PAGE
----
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The article is dedicated to the analysis of centrifugal tendencies within the framework of BRICS and to their influence on the processes, proceeding in the system of global world. Factors, which stimulate these tendencies are examined. The author considers that, in spite of positive potential and the notable position, which the countries of BRICS play under the conditions of global crisis phenomena, by their present economic policy they contribute to the sanitation “of imperialism”; activate the negative manifestations of the global “crisis of capitalism”. In the author’s the opinion multipolarity strengthens the neoliberal nature of institutes, especially in spheres of finances, trade and climate. The corporations, which are based in the countries of BRICS, demonstrate super-exploitation in the course of the accumulation of capital both in their regions and beyond their limits. The article is based on comprehension of documents of international organizations, including UNCTAD, analytics views, sometimes adhering to contrary opinions. The main aim of the author is to prove the possibility to move in positive direction. The article contains the claim to the society of BRICS members to consider summit of BRICS in Johannesburg in 2018 as an invitation for serious discussion of the problems of contemporary global policy.

The formation of the Brazil-Russia-India-China-South Africa (BRICS) network in 2009, based on South-South Cooperation and the desire to establish new institutions, has been derailed by self-interest of the dominant member, Beijing. While the Goldman Sachs banker Jim O’Neill began discussing the BRIC countries as 21st century investment opportunities in 2001, this appears in retrospect to be part of the standard Goldman Sachs approach to investment ‘churning’ (for by 2013 the bank shut down its BRIC fund after poor returns). In 2006, a meeting between BRIC countries took place on the margins of the United Nations General Assembly. However, it was with the global financial crisis that the economic role of the BRICS gained prominence. The crisis confirmed that Western countries were losing power in the world order, especially insofar as financial bailouts and currency printing initially failed to restore growth, leaving the Chinese and Indian economies as drivers of global capitalism. After two decades of unprecedented growth, it certainly appeared that China’s economy would challenge the dominant position of the U.S., Europe and Japan. The G8 countries expanded into the G20 in late 2008 in part to raise $750 billion in new resources for the International Monetary Fund (IMF), to stave off world financial meltdown. In 2009, the first BRIC heads-of-state summit took place in Russia, launching a succession of annual gatherings of leaders that gave body and content. South Africa was incorporated as an African member at Beijing’s request in 2010, and BRICS went through a process of institutional densification, drawing thousands of participants not only for inter-governmental events but also in business, academic, cultural, youth, labor and civil society exchanges. The Indian National Congress party’s loss to the Hindu-nationalist Bharatiya Janata Party (BJP) in 2014 did not disrupt the BRICS, although 2017 border battles between India and China caused enormous concern. By this time, the Chinese president who gave BRICS muscle, Hu Jintao, was succeeded by Xi Jinping in 2013, and within four years consolidated his power to Maolike levels. Likewise, the control Vladimir Putin exercised in Russia and his allegiance to the BRICS both grew stronger after Crimea events, as the other G7 powers expelled Russia from the G8. Notably, Brazil’s 2016 congressional coup d’etat by Michel Temer, which ended Workers Party rule after 13 years, did not substantially affect the BRICS’ agenda, nor did a more popular palace-coup replacement of South Africa’s President Jacob Zuma (who had served since 2009) by his deputy Cyril Ramaphosa in February 2018, 15 months ahead of schedule. This occurred just five months before South Africa hosted the BRICS summit, with Zuma begging on national television to be permitted to stay through August, “to remove the perception out there that Zuma is being elbowed out”2. Through all this political turmoil, grand claims have been offered about the way BRICS will rebalance the world and ensure good global governance. This essay considers the opposite, namely that a resurgent imperialism is being facilitated by BRICS politics. This functions in three ways. First, amplified global capitalist crisis tendencies are emanating from centrifugal BRICS economies. Second, multipolarity is amplifying the neoliberal character of multilateral institutions, especially in the spheres of finance, trade and climate politics, as the BRICS gain a seat at the table. Third, in a subimperial manner, BRICS-based corporations are vital forces in super-exploitative accumulation within their respective regions and beyond. Finally, as seen in Johannesburg in mid-2018, the BRICS serve as an invitation for their societies to talk about global politics much more seriously. In previous works, we have identified ideological positions that help present BRICS through at least a rudimentary class analysis: ‘BRICS from above’ (the position of governmental and business leaders); ‘BRICS from the middle’ (the position of the generally pro-BRICS academics, think tanks, NGOs and trade unions); ‘BRICS from below’ (grassroots movements in struggles within those countries and beyond them, that may one day create strong linkages between struggles and build transnational solidarity). To be sure, another category is each country’s pro-Western businesses and their intellectuals (especially strong in South Africa), who remain adherents to old-order capitalism no matter the chaos within U.S.-EU circuits, who still fear the rise of the BRICS [Bond, Garcia 2015]. I conclude by considering aspects of the latter’s narratives and strategies. BRICS AS CENTRIFUGAL NOT CENTRIPETAL IN GLOBAL POLITICAL ECONOMY Xi’s 2015 promise at the BRICS Ufa Summit to boost ‘the centripetal force of BRICS nations, tap their respective advantages and potentials and carry out cooperation in innovation and production capacity’ now faces extreme political, economic and ecological contradictions. The most obvious geopolitical wedges have been pushed into the BRICS not by Washington, at least for now, but are instead Sino-Indian border conflicts, especially in Pakistani-held Kashmir. There, the transport infrastructure needed by China to link its far western region to the Indian Ocean is a central component of the Belt and Road Initiative. In September 2016, India’s Prime Minister Narendra Modi lost a show-down while hosting the Goa 2016 BRICS Summit, when he unsuccessfully tried to have Pakistan declared a terrorist state. Both China and Russia refused. In mid-2017, an even higher-profile fight unfolded at the site where India and China share a border with Bhutan. When the Chinese built a small road on contested ground, fisticuffs were initiated by Indian soldiers. In late August, just days before the BRICS Xiamen summit was to begin, India backed down and withdrew its troops, but not before Modi’s staff hinted he would boycott Xiamen, just as he had China’s Belt and Road Summit in May. The Chinese state mouthpiece Global Times ran a column headlined, ‘New Delhi may disrupt BRICS Summit to blackmail Beijing.’ At the same time, the Chinese government also issued two travel advisories to its citizens visiting India: ‘Pay close attention to the local security situation, improve self-protection awareness, strengthen security and reduce unnecessary travel’ (the very opposite of the BRICS’ stated objective: ‘increasing people-to-people links’)3. In the end, Modi went to Xiamen and there were no further disruptions. There are deeper economic processes unfolding beneath the geopolitical tensions and rising internal repression. The motors to expand capitalism rapidly - in China and everywhere - were meant to be foreign investment, trade and finance. But even as Xi praised them, all are running out of steam, or even veering towards collapse amidst soaring indebtedness. Indeed, financial assets invested in other countries fell from a level of 58% of world GDP in 2008 to just 38% in 2016, in spite of fast-rising flows into high-risk (high-return) emerging markets and notwithstanding capitalism’s growing overall indebtedness. According to the 2018 UN Conference on Trade and Development (UNCTAD) World Investment Report, the BRICS accounted for 19% of global investment inflows and 23% of the world GDP in 2017. But Foreign Direct Investment (FDI) into the BRICS fell in 2017 to $266 billion, a decline of $10 billion from 2016, amidst a global decline of 23%, to $1.43 trillion [World Investment Report... 2018]. Fig. 1. Rise and fall of BRICS and world trade (imports and exports), 1997-2017: High point ratio and 2017 ratio, as percent of GDP Source: [World Bank Data Catalogue 2018] Global trade Sid Verma and Cecile Gutscher peaked at 61% of world GDP in 2012 and then fell to 2016’s 56%, but the BRICS suffered faster declines in relative trade than the world as a whole (Figure 1). As a Standard Bank economist remarked, “the commercial relevance of the BRICS to one another is minimal. Intra-BRICS trade has actually fallen, from $342 billion in 2013 to $312 billion in 2017. Furthermore, taken as a share of their respective trade, the BRICS share has plateaued, after doubling from 6% in 2003 to 12% in 2011. In fact, it fell sharply in 2016.” As Stevens concluded, “China is exporting manufactured goods to the other BRICS in proportions consistent with their relative GDP, whilst importing mineral products from Russia, Brazil and South Africa, and prepared foodstuff from Brazil” [Stevens 2018]. In addition to unevenness in trade, excessive financialization - both debt and equity over-valuation - is the Achilles Heel. The next recession - which HSBC, Citigroup and Morgan Stanley economists in mid-2017 acknowledged is imminent due to vastly over-priced stock markets and unprecedented corporate indebtedness4 - will confirm how capital has become over-exposed locally, even while losing appetite for global markets. This makes credible in this case the mid-2018 warnings of conservative journalist Ambrose Evans-Pritchard: “The world has never been so leveraged, and therefore so sensitive to a monetary squeeze. The Institute of International Finance says world debt reached 318% of GDP at the end of 2017, 48 percentage points higher than the pre-Lehman peak. Emerging market debt has jumped from 145% to 210%”5. Driven by financialization, the centrifugal forces ripping apart not just the BRICS but in fact all of contemporary world capitalism - first globalizing, now deglobalizing - can be traced back to the metabolism of economic cycles yielding ever more intense bursts of crises since the economic stagnation first hit the US, Europe and Japan in the 1970s. The 2008 crisis delivered a rude shock within this long cycle (as had the traumatic 1998-2001 period for Russia, South Africa and Brazil), for even the everhigher levels of world debt and the central banks’ loose-money strategies have proven unable to restore either growth and debt ratios to previous levels. It was initially hoped that, as the Financial Times put it in 2010, these ‘building BRICs’ would ‘change the economic order’ by marshalling both their own raw resource production and manufacturing capacity to, in turn, achieve sufficient weight to reduce unfairness in world trade and finance6. But against such overblown theories of virtuous-cycling centripetal capitalism, whether from Xi or the FT, the centrifugal contradictions manifest in over-production, over-indebtedness and deglobalization appear to be ending those fantasies. The only recent relief came from the Chinese state’s massive urban construction investments (leaving scores of near-empty cities), perhaps to be repeated through its Belt and Road Initiative in coming years, as well as India’s service sector-led boom. But the other three BRICS suffered recessions once the 2015 commodity price crash hit home, with South Africa not yet emerging into positive per capita GDP growth even in 2018. Under these circumstances of extreme intra-BRICS unevenness, Xi’s centripetal strategy has become a centrifugal force spiraling out of control. Xi and other Chinese leaders committed to pro-corporate globalization expect that their Belt and Road mega-infrastructure will push manufactured exports and pull energy imports through a restructuring Eurasia. But the BRICS’ financial short-term fixes - massive debt and stock market speculation - continue, too, as stock markets bubble in South Africa (today 90% higher than in 2010), India (70%) and Russia (50%). China’s stock exchanges were in the same league, but just as the yuan was made an IMF-acceptable global currency reserve, the Chinese markets lost more than $5 trillion in two share bubble bursts in 2015-16. Within this general decline in global flows, FDI inflows to the BRICS countries were still net positive, but as overaccumulation crisis hit China and overcapacity levels reached critical mass, FDI stocks of outflows rose by 21% in 2016 to $2.1 trillion. [World Investment Report... 2017: 18] China became a net outward direct investor in 2016, and the second largest global investor (after the U.S.), accounting for $183 billion in outward FDI. According to the World Investment Report 2017 “Chinese multinational enterprises invested abroad to gain access to new markets and to acquire assets that generated revenue streams in foreign currency” [World Investment Report... 2017: 14]. But global governance cannot address the conditions for restored capital accumulation, not if the past decade of reforms continues, in part because of the way BRICS are amplifying the contradictions. MULTIPOLARITY RELEGITIMIZES IMPERIALISM The standard argument of multilateral optimistists was offered in 2016 by former Director of the Organization for Economic Co-operation and Development’s Development Co-operation Directorate, Richard Carey: ‘The fact that the BRICS are such strong supporters of the G20 and of the 2015 United Nations agreements is no small matter. It is a highly significant evolution, reflecting the emergence of a multipolar international system which has made possible the striking shift from an era of ubiquitous North- South conflict to the current universal agreements in the UN development fora, on the basis of common objectives and differentiated responsibilities’[Carey 2016]. But while demanding reforms in the Bretton Woods financial institutions, specifically concerning voting quotas at the IMF during 2010-15, in the course of which the BRICS committed $75 billion in recapitalization (of which more than half came from China), BRICS leaders also created their own new institutions. At the 2014 Fortaleza summit, the New Development Bank (NDB) was initiated to finance infrastructure, and the Contingent Reserve Arrangement (CRA) was built to lend to countries facing balance of payment problems. For those who considered the BRICS challengers to status quo neoliberal ideology, to U.S. economic supremacy and to the postwar world financial order sustained by World Bank and IMF, there was initially great optimism in 2013-14 [Bello 2014]7. However, the leading NDB personnel were drawn from the most conservative elements within the five countries’ pool of financiers (with the brief, partial exception of Brazil during Workers Party rule). The NDB operational arrangements mimicked those of the World Bank and other multilateral banks, even to the extent of explicit staff sharing and project co-financing arrangements in 2016-18 memoranda of understanding. And by 2018, notwithstanding rhetoric about sustainable lending cribbed from its advisors Joseph Stiglitz and Nick Stern, the NDB’s non-consultative strategies led to credits for conflict-ridden, environmentally-damaging projects (e.g. a controversial irrigation scheme in India and expansion of the Durban port-petrochemical complex). The NDB’s social-environmental framework seek to differentiate responsibilities by giving a greater role to the borrowing States’ national socio-environmental protection and risk management systems (the so-called ‘country system’)8. On the one hand, the policy of strengthening national systems complies with principles of non-interference in internal affairs and thus preserves the scope of action of national states, unlike policies pursued by traditional multilateral financial institutions such as the World Bank. On the other hand, there is a risk that the bank will precipitate a widespread downgrading of standards given the lack of environmental and social safeguards that were already won in struggles with other multilateral banks. Notably, these standards are left for national institutions to decide, implement and monitor, without the responsibility for lack of transparency, public consultation, human rights violations, corruption and environmental disasters. Consequently, national social-environmental standards may be put to global competition to attract investors [Esteves 2018]. Moreover, although the CRA facility has not been drawn down - mainly because Brazil, Russia and South Africa exited their respective 2015-17 recessions without (yet) suffering a foreign debt repayment crisis - the CRA actually strengthens IMF leverage. The CRA articles of agreement compel any borrower to acquire an IMF structural adjustment package after receiving just 30% of its lending quota (in order to access the next 70%). And as for IMF voting reform, the new investments raised by the BRICS had the effect of disempowering most poor countries by lowering their ownership share (e.g. Nigeria and Venezuela by 41% and even South Africa by 21%), so that China’s could rise by 37%, Brazil’s by 23%, India’s by 11% and Russia’s by 8%. In contrast, in the 2018 World Bank recapitalization, Russia deigned to participate, as it was under Crimea-related sanctions and hence not eligible to borrow from the Bretton Woods Institutions. As for the benefits of a greater ‘voice,’ the BRICS directors failed to promote a candidate for managing director from within, as they not only voted unanimously for the French conservative finance minister Christine Lagarde in 2011, but in 2015 extended her term and even approved continuance of her controversial reign in 2016 on the day she was convicted in French courts of negligence in a $430 million corruption scandal. During this period, there was no change in the neoliberal Washington Consensus philosophy that has proven so adverse to poor economies, societies and environments. With respect to trade, at the 2015 Nairobi WTO summit, agricultural subsidies and hence food sovereignty were slated for abolition, thanks to crucial alliances made between negotiators from Washington and Brussels, facilitated by Director General Roberto Carvalho de Azevêdo, a Brazilian. To the dismay of many observers the deadlock that had characterized the WTO over the prior dozen years was broken, mainly by the Brasilia and New Delhi representatives, with China, South Africa and Russia compliant9. This gave some credence to Xi’s celebrated World Economic Forum speech two years later, deploying what might well have been the most hackish pro-market rhetoric ever heard in Davos. The problems troubling the world are not caused by economic globalization... Any attempt to cut off the flow of capital, technologies, products, industries and people between economies, and channel the waters in the ocean back into isolated lakes and creeks is simply not possible... We must remain committed to developing global free trade and investment, promote trade and investment liberalization. We will expand market access for foreign investors, build high-standard pilot free trade zones, strengthen protection of property rights, and level the playing field to make China’s market more transparent and better regulated... China will keep its door wide open and not close it10. The reality was different, for starting in mid-2015, Beijing had imposed stringent exchange controls, stock market circuit breakers and financial regulations to prevent two Chinese stock market collapses from spreading (beyond $5 trillion in estimated losses). Beijing’s measures included arrest of nearly 200 people ‘for spreading rumours online’ - but these efforts in mid-2015 did not prevent an 8% crash in two days in January 2016. Moreover, within 18 months of his speech, Xi authorized a set of trade restrictions on U.S. products in retaliation for Trump’s protectionist tariffs. With respect to the other main UN reform at the global scale, in late 2015 the BRICS signed the Paris Climate Accord, but did so mainly because it is non-binding, unambitious and outlaws climate-debt lawsuits by victims of Western and BRICS emissions. More evidence of assimilation was provided at the July 2017 G20 summit in Hamburg, where BRICS leaders were even more callous about the economic damage to poorer countries they are inflicting in alignment with the G7 (and especially the G1). A genuinely anti-imperialist climate change strategy would have entailed, at minimum, a global carbon tax, with an initial focus on the U.S.11 After the 2017 G20 summit, at least three seasoned political economists who in the past had firmly favoured the BRICS appeared to reverse positions. According to Ravi Kanth of the influential Malaysian NGO Third World Network, ‘For the first time, the Doha Development Agenda (DDA) or the unresolved Doha issues were not even mentioned in the G20 leaders’ communique because of opposition from the United States as well as other major industrialized countries. China, India, Brazil, South Africa, and Indonesia who negotiated the Hamburg declaration along with their developed country counterparts seemed to have allowed the erasing of DDA’ (i.e. which Kanth considers meets poorer countries’ balanced trade interests)12. Others went further. Yash Tandon, former head of the South Centre, claimed: ‘At the G20 Hamburg meeting, Africa was officially represented by only one country - South Africa, which was obsequiously behaving like a neo-colony that it is’13. And the Filippino founder of Focus on the Global South, Walden Bello, concluded that the whole export-oriented development strategy had reached a dead end: The stagnation of the once dynamic centers of the global demand - the U.S., Europe, and the BRICS - has made this model obsolete. It was, in fact, the non-viability of this once successful model of rapid growth in current global circumstances that pushed China, under Hu Jintao and Wen Jiabao, away from an export-oriented path to a domestic demand-led strategy via a massive $585 billion stimulus program. They failed, and the reason for their failure is instructive. In fact, a set of powerful interests had congealed around the export-oriented model’ [Bello 2017]. BRICS CORPORATIONS CONTRIBUTE TO CENTRIFUGAL UNDERDEVELOPMENT Those interests overlap with the status of the BRICS’ own ‘unpatriotic bourgeoisies,’ including allies of multinational corporations. Such firms are responsible for the BRICS suffering a major outflow of legal (not just illegal) profits, relative to inflows of profits from the countries’ own firms doinb gusiness abroad. In 2015, the South African Reserve Bank recorded net profit flows from abroad ranging within three broad categories: above 100% were Western countries; in the 15-60% range were large middle-income countries; and below 15% were poor, exploited countries. The BRICS were all in the 18-20% range, except South Africa whose ratio was closer to 45% (Figure 2). Fig. 2. Net profit flows - in the form of dividend receipts/payments, 2012-14 [Quarterly Economic Bulletin 2015: 39] THEMATIC DOSSIER: Prospects for South-South Cooperation. 40th Anniversary of the Buenos Aires Plan of Action 543 This is a consistent indicator of the surplus extraction process, although corporate misinvoicing and other tax dodges make both the inflows and outflows to and from the BRICS even greater than formally recorded. The United Nations Economic Commission for Africa estimated that $319 billion was transferred illicitly from Africa during the commodity super-cycle, from 2001 to 2010. The United States was the leading single destination for this hot money with $50 billion in inflows; but China, India and Russia were together responsible for $59 billion (Brazil is not recorded in the top 17 and South Africa is not included) [Mevel, Ofa, Karingi 2013]. BRICS countries are also five of the top seven countries to lose Illicit Financial Flows, at a rate from 2004-13 of $340 billion annually [Kar, Spanjers 2015]. Following the brief 2009-11 post-crisis commodity boom - mainly driven by China’s mega-project infrastructure projects (including its infamous ghost cities) - commodity prices peaked, and in 2015 crashed by more than 50% in most sectors, led by minerals. This had an especially damaging role on commodity exporters’ current account balances and ability to repay foreign debt. Chinese contributions to both fixed capital and financial capital inflows waned in most of the major borrowing countries. With commodity prices recovering in 2016-18 but still very far from levels the potential for China to collect collateral is already becoming a source of potential conflict among the BRICS. Certainly, China’s period of ‘non-interventionism’ appears to be ending. This is evident in Zimbabwe, where Beijing’s military command played a vital role in the coup that ended Robert Mugabe’s presidency in November 2017 [Bond, Saunders 2005]. The Chinese relationship with the local army included $15 billion in allegedly missing diamonds (according to even Mugabe in 2016). The other BRICS also appear to be supporting a relatively liberalized agenda - including increased imposition of bilateral investment deals - that will further weaken most poor countries’ economic resilience in a world economy careening out of control. THE BRICS JOHANNESBURG SUMMIT The BRICS met in Johannesburg in July 2018 just as Donald Trump was jerking Western imperialism out of traditional alignments. With war-talk against Iran blowing through Trump’s tweets, and with Washington’s trade wars raging against both China and traditional allies, as well as tightened sanctions against Russia, there was an expectation for some counter-hegemonic movement. But the BRICS failed to stand up to Trump, mainly due to their ideological diversity, given that several pro-Washington leaders offset Xi. An excellent opportunity to establish a firmly oppositional stance against Washington was utterly wasted. The only apparent unity came from the elites’ love of mercantilist-neoliberalism. As Ramaphosa put it, ‘We confirmed our commitment to the World Trade Organization, as the most effective mechanism available to ensure a rules-based transparent, nondiscriminatory, open and inclusive multilateral trading system’. Hope for counter-hegemonic finance was also raised, but an alternative credit ratings agency (RA) did not materialize - in spite of Brazil, Russia and South Africa suffering junk ratings from Standard & Poors, Fitch and Moody’s. Worse, the BRICS Expert 544 ТЕМАТИЧЕСКОЕ ДОСЬЕ: Перспективы сотрудничества Юг-Юг. К 40-летию Буэнос-Айресского плана действий Group report on a new RA suggested features that recreate in such a body many of the three agencies’ same foibles. That Expert Group recommended, ‘The BRICS RA shall adopt the issuer-pay business model since it is well-tested and globally accepted. The BRICS RA should be set up as a private sector entity to ensure private-sector efficiencies, independence from government influence, credibility and acceptance by global investors... On the governance and operational aspects, too, private-sector efficiencies can be derived to ensure commercialization on market-based principles’. How is this different from the standard neoliberal demands of the existing RAs? RA technical advisers will be important: ‘The expert group suggests a voluntary network of well-established credit rating agencies registered in each of the BRICS nations be formed’. In short, as in so many aspects of its work, the BRICS bloc starts with rhetoric about an ‘alternative’ to Western hegemony and ends up amplifying neoliberal capitalism instead. BRICS-FROM-BELOW GRIEVANCES AND PROTESTS The main site to consider antidote analysis and news is ‘BRICS from below,’ a tradition of counter-summit critique begun in Durban five years ago, and also witnessed in Fortaleza in 2014, Goa in 2016 and Hong Kong in 2017. [Bond 2013] In 2015, Russia’s Ufa proved an impossible site in which to generate civil society critiques, and instead Putin established a ‘Civil BRICS’ hand-in-hand with Oxfam to draw activists inside. The annual counter-summit activity included a Teach In at the University of the Witwatersrand and two protests: one at the Sandton summit led by the United Front-Johannesburg and the other at the BRICS New Development Bank (NDB) regional branch nearby. The former, on 26 July, raised the variety of critiques now increasingly common against BRICS states and companies: exploitation and unemployment, climate change and pollution, violence against women, repression and surveillance, non-delivery of services, austerity, budget cuts, human rights abuses, rampant corruption, racism, xenophobia, extreme inequality, looting of natural resources, sub-imperialism, neoliberalism, dictatorships and homophobia. There were especially angry delegations representing Kashmiris, Rwandans and Congolese. Indeed the Muslim Lawyers Association managed to get a docket initially investigated by Pretoria’s National Prosecuting Authority for the Indian regime’s gross human rights abuses in Kashmir, but one of Ramaphosa’s most trusted ministers ensured it was quashed a few days before the visit. The other protest, against the NDB on 25 July, was led by four Goldman Environmental Prize winners and their organizations and allies: Makoma Lekalakala of Earthlife Africa, Bobby Peek of ground Work, Thuli Makama of Oil Change International and Des D’Sa of the South Durban Community Environmental Alliance. They mainly raised the vexing questions of socio-ecological damage and corruption associated with the mega-projects typically announced with fanfare at the BRICS summits, and now increasingly financed by the NDB [Bond 2016]. Indeed, a huge increase in coal-fired power plant financing resulted from the biggest single loan announced during the BRICS summit: the China Development Bank’s US $2.5 billion credit to complete the stateowned power company Eskom’s generators at Kusile, in Mpumalanga still mired in corruption and missed deadlines. With its 4800 megawatts of supply, Kusile will emit 31 million tonnes of CO2 annually, one of the world’s most carbon-intensive power plants. Following a major 2009-11 campaign against World Bank and US Ex-Im Bank financing of Eskom’s coal generator expansion (focused on Kusile’s predecessor Medupi power plant), the leading pollution watchdog ground Work has called for further Kusile work to be halted. Again, corruption is a factor. In 2015, the US Securities and Exchange Commission fined Hitachi US $19 million for violating the Foreign Corrupt Practices Act, specifically for making ‘improper payments’ to South Africa’s ruling party when bidding to install coal boilers worth US $5.6 billion. But Hitachi’s work continues at Kusile, with no South African prosecution. On top of that, the NDB reactivated a US $180 million for restructuring Soweto’s electricity grid plus privatized renewable grid lines. The first is opposed by Soweto community activists led by decommodified-electricity activist Trevor Ngwane, on grounds it will end up squeezing local consumers. The NDB energy grid loan to Eskom is also being fought by the country’s largest trade union - the National Union of Metalworkers of South Africa - because it will prevent progress towards a socially-owned, worker-managed renewables sector. Metalworker leader Irvin Jim argues instead for a non-profit strategy of energy based on ‘decentralized ownership and operation integrated into a coherent, national centre. We made it clear that the national grid must be publicly owned and must remain the backbone of energy provision.’ Instead, the NDB promotes the Independent Power Producer model, which, says Jim, is ‘the privatization of Eskom by other means and we reject it in its totality. We cannot allow the grid and the supply of electricity to be placed in private hands. We have learnt many hard lessons in the past about privatization. It ultimately worsens conditions for workers and their families, through increased tariffs and retrenchments.’ Transnet also received a recent US $200 million loan from the NDB, to finance the expansion of the Durban port-petrochemical complex. It is firmly opposed by D’Sa and his organization for reasons ranging from the borrower’s prolific corruption to its insensitivity to climate change to the anticipated rise in local pollution and housing displacement. At least D’Sa and much more of South African society breathed a sigh of relief at one announcement, regarding the largest proposed mega-project made at prior BRICS summits in 2014 and 2015: US $100 billion worth of nuclear energy reactors. That deal, between former South African president Jacob Zuma and Putin, is now on indefinite hold. As Ramaphosa explained, ‘On nuclear, we said because our economy is not participating at a level we would like it to and have huge financial constraints, we are not able to proceed with a nuclear build programme. President Putin was relaxed about this and says that we (must) deal with our issues, and when the situation changes we can talk and that’s where we left it. This was one of several diplomatic stresses. Another occurred during the main symbolic event for the five leaders: visiting the ‘Cradle of Humankind’ where some of the world’s oldest hominids (four million years) have been preserved. At the last moment the visit was replaced with what should have been a live video feed from the site (an hour west of Johannesburg). Ramaphosa admitted, ‘The logistical arrangements were a little difficult for us’ (to get to the Cradle site). Then, to everyone’s embarrassment, the video feed also failed. As a journalist observed, ‘There were so many logistical failures that it was ironic for the leaders to discuss the 4th Industrial Revolution as part of their future plans’. Most enthusiastic was Survé: ‘I have a vision, as a South African, African and internationalist, that our continent will thrive, that millions of unemployed youth will be educated with the skills required for the 4IR’. The 4IR concept fuses Artificial Intelligence, robots, nano-technology and all manner of other dangerous, disparate high-tech corporate and state innovations, resulting in massive job losses, enhanced surveillance (e.g. China’s ‘Social Credit’) and potential chaos if not regulated and socially controlled. The ironies of the BRICS are here encapsulated, for they begin with the critique everyone shares of a world out of control, one facing myriad geopolitical, economic and environmental meltdowns - and end with even more contradictions. Now, with Trump setting the agenda on the building and destruction of political alliances between states while wrecking prospects of multilateral action, the world requires a new generation of international leaders to develop a genuine alternative. That can only occur based not on the desire to merely gain a seat at the global corporate capitalist table, as do the BRICS elites, but on overturning it. CONCLUSION The nefarious effects of neoliberal globalization have pushed the world into uneven economic crisis, whose political consequences are also uneven. The new far-right politicians, parties and movements have come to power either through democratic or more dubious ways, with the 2016 parliamentary coup in Brazil an example of the latter. Curiously, Trump’s election in the U.S. and his shift towards economic protectionism places China in a new position: leading defender of open markets and globalization, notwithstanding its own powerful tools of protectionism and regulation. Thus, the international Left faces a paradoxical situation: anti-globalization discourses - which, a few years ago, shaped transnational liberatory struggles against the multilateral institutions, perhaps most famously the Seattle WTO summit of 1999 - emanate from the extreme right, alongside the xenophobia and racism that are anathema to the left. And although many observers were understandably confused in the early years of the BRICS, today, as their governments have become promoters of home corporations above all, it is impossible to talk about a real alternative for a fairer world order coming from the BRICS’ ruling elites. Although battling the BRICS is far removed from the reality of social movements in each of these countries (Johannesburg in 2018 being a case in point), this may change as BRICS institutions, especially the NDB, reinforce the environmentallypredatory development model that destroys their territories’ natural life and the work of their peoples. In other words, international solidarity and processes of articulation and strengthening of ‘BRICS from below’ will take place in the inevitable processes of struggle, with the challenge ahead being - as everywhere - to connect the dots and identify sites of structural weakness for insurgent opportunities.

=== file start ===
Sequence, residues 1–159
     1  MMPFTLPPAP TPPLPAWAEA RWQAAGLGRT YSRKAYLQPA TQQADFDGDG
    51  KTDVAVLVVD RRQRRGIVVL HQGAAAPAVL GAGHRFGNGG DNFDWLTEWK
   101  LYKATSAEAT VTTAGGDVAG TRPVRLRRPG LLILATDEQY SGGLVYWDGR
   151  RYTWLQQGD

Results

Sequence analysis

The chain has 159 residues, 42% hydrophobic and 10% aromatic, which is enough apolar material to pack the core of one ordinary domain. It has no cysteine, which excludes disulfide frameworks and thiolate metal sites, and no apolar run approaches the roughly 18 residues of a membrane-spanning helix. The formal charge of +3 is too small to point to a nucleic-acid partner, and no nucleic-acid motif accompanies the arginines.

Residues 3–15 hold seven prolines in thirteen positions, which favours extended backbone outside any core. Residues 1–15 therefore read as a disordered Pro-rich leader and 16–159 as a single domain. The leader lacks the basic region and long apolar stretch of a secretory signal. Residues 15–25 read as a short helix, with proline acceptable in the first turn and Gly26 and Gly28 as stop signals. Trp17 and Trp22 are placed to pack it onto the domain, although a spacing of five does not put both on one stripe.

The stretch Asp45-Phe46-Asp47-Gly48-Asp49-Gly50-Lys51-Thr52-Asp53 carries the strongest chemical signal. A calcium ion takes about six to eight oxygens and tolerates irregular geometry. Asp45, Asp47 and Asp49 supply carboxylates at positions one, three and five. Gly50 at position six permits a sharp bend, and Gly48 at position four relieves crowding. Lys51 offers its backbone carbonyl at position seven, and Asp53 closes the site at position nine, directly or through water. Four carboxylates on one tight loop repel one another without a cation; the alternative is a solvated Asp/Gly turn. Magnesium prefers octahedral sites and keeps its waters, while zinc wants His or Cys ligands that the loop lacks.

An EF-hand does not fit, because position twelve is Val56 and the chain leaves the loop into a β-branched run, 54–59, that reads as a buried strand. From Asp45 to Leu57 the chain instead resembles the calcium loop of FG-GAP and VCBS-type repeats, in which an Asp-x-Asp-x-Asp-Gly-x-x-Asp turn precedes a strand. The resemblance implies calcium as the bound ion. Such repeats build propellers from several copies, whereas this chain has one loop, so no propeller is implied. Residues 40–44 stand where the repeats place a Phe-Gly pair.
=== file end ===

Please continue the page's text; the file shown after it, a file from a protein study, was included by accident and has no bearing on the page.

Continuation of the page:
Patrick Bond

University of the Witwatersrand

Author for correspondence.

Professor of Political Economy, University of the Witwatersrand, Johannesburg, South Africa